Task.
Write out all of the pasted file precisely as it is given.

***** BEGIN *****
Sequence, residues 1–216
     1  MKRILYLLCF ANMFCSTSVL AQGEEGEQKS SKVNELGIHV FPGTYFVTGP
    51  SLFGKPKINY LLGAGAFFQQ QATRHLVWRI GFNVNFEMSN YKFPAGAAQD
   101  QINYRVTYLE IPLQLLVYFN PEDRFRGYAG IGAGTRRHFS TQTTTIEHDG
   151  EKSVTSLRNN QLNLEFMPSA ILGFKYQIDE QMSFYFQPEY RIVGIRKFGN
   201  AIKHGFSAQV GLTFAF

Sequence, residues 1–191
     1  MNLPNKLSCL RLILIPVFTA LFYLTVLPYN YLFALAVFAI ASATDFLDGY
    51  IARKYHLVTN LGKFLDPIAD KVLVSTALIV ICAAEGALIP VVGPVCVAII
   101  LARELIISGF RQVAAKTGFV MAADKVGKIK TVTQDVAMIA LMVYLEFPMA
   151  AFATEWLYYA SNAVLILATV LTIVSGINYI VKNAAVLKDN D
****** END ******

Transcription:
Sequence, residues 1–216
     1  MKRILYLLCF ANMFCSTSVL AQGEEGEQKS SKVNELGIHV FPGTYFVTGP
    51  SLFGKPKINY LLGAGAFFQQ QATRHLVWRI GFNVNFEMSN YKFPAGAAQD
   101  QINYRVTYLE IPLQLLVYFN PEDRFRGYAG IGAGTRRHFS TQTTTIEHDG
   151  EKSVTSLRNN QLNLEFMPSA ILGFKYQIDE QMSFYFQPEY RIVGIRKFGN
   201  AIKHGFSAQV GLTFAF

Sequence, residues 1–191
     1  MNLPNKLSCL RLILIPVFTA LFYLTVLPYN YLFALAVFAI ASATDFLDGY
    51  IARKYHLVTN LGKFLDPIAD KVLVSTALIV ICAAEGALIP VVGPVCVAII
   101  LARELIISGF RQVAAKTGFV MAADKVGKIK TVTQDVAMIA LMVYLEFPMA
   151  AFATEWLYYA SNAVLILATV LTIVSGINYI VKNAAVLKDN D